Ironically an attempt to ‘introvert’ in an open plan office is often met with even more interaction. Co-workers sending messages or popping by your desk to see what’s wrong and ask why you’re being so quiet.
4. The Rumour Mill
If you need to have a one on one conversation with another worker or boss it becomes a big deal because you need to go elsewhere to find somewhere private. Even if you’re talking about something small, everyone can see and it will appear like a big deal.
This can be a catalyst for gossip and rumour, especially as you can’t talk openly about it afterwards without everyone hearing.
5. Advice From All Angles
[Apparent Advantage] “Colleagues can turn to each other for advice or assistance without having to knock on doors or schedule a formal meeting.”
Being able to get advice from others and talk through problems is helpful. But when everyone’s invited it can be irritating and even un-nerving (you don’t want everyone knowing what you want help with).
It doesn’t take long before a question to your neighbour has made it around the whole room and EVERYONE knows about your little medical problem, offering you unsolicited advice on what you need to do.
6. Creative Breathing Space
[Apparent Advantage] “The increased collaboration resulting from an open-plan work space can lead to business innovation and advancement”.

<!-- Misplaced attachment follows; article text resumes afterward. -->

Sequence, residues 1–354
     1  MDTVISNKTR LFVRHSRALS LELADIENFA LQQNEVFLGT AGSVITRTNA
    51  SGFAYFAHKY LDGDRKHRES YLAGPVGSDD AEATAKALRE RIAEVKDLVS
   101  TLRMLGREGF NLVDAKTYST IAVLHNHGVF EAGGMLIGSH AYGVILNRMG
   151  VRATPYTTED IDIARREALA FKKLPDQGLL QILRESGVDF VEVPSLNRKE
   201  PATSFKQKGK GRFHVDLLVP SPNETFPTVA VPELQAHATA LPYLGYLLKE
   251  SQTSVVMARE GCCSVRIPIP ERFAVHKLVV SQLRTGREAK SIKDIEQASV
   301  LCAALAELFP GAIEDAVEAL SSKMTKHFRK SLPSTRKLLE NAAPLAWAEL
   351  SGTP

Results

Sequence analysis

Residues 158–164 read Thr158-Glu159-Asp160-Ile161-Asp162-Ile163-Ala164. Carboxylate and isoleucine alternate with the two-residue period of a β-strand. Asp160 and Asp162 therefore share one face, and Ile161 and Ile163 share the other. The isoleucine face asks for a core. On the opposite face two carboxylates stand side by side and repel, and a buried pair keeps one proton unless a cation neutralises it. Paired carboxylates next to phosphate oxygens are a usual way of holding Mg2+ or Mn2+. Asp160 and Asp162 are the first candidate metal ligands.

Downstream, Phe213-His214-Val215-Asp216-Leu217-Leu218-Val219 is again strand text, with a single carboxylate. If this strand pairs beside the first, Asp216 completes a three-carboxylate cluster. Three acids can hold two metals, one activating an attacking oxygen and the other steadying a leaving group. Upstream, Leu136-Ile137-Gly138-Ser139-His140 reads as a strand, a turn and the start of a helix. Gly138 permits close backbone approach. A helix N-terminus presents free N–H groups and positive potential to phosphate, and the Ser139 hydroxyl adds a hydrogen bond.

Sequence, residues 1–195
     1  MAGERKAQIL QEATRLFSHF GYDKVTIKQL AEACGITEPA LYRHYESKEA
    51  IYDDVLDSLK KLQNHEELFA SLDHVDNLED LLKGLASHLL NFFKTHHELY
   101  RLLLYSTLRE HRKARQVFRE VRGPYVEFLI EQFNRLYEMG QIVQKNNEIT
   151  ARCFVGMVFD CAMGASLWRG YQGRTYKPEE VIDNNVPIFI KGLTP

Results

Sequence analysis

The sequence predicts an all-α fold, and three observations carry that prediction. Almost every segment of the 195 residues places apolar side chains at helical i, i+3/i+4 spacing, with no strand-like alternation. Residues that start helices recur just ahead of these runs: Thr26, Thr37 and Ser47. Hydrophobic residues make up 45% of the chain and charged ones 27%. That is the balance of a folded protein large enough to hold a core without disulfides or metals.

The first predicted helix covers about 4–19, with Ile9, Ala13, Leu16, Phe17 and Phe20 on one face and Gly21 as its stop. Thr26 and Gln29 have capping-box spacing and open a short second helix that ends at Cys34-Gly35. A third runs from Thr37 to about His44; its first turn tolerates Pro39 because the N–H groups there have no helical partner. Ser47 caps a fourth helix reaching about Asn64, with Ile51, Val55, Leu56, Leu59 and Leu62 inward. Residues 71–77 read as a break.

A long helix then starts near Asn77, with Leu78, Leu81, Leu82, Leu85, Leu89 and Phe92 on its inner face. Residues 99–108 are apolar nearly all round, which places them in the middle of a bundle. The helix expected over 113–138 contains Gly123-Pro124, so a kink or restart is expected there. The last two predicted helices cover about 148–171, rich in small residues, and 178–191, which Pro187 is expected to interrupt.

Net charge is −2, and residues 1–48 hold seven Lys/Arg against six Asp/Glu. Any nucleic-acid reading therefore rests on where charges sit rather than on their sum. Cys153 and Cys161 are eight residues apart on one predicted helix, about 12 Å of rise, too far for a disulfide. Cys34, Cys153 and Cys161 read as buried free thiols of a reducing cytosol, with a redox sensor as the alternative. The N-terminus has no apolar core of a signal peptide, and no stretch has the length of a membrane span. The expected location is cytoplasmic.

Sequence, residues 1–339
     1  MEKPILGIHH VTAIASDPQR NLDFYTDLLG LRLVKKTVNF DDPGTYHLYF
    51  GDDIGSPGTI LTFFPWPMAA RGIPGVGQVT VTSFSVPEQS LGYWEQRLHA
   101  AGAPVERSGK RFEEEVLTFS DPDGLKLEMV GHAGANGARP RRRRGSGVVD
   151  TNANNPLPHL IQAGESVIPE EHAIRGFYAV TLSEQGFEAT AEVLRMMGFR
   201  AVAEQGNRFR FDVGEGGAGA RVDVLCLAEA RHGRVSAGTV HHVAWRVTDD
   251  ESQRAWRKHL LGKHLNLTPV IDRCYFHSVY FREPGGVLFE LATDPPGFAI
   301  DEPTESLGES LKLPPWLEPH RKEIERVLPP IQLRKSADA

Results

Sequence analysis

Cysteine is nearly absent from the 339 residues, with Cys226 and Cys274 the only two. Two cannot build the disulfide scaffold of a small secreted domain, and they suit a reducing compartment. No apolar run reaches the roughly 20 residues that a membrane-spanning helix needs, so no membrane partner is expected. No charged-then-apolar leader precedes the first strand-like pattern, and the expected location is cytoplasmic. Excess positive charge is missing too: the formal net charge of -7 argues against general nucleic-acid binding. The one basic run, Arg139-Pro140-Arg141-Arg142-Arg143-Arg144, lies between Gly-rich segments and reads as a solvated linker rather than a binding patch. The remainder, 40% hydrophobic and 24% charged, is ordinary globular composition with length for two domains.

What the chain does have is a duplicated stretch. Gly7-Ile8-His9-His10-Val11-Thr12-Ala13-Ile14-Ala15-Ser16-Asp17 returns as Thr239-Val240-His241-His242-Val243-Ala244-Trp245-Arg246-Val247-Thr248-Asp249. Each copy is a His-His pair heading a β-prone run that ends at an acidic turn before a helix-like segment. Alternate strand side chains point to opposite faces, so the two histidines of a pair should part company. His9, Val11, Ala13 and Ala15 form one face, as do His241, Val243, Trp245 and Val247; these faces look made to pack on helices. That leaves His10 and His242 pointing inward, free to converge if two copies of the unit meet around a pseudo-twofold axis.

It is an idealistic belief that creativity comes from open working and a collaborative environment that takes the shape of an open-plan office. It makes sense in our minds because we join the dots – two minds are better than one when it comes to solving a problem.
What we don’t take into account however is the circumstances in which the one mind is most effective BEFORE it comes to the point of sharing.
For introverts we need time to think, to ruminate on ideas and concepts before we are comfortable sharing what we think about them. We are the opposite to extroverts who think by verbalising. We need that focussed time to go inwards before we are ready to share. An open-plan situation strangles this potential.
7. Fewer Personable and in Depth Relationships
[Apparent Advantage] “The constant intermingling not only generates a sense of camaraderie among personnel, it also enhances the flow of information and teamwork.”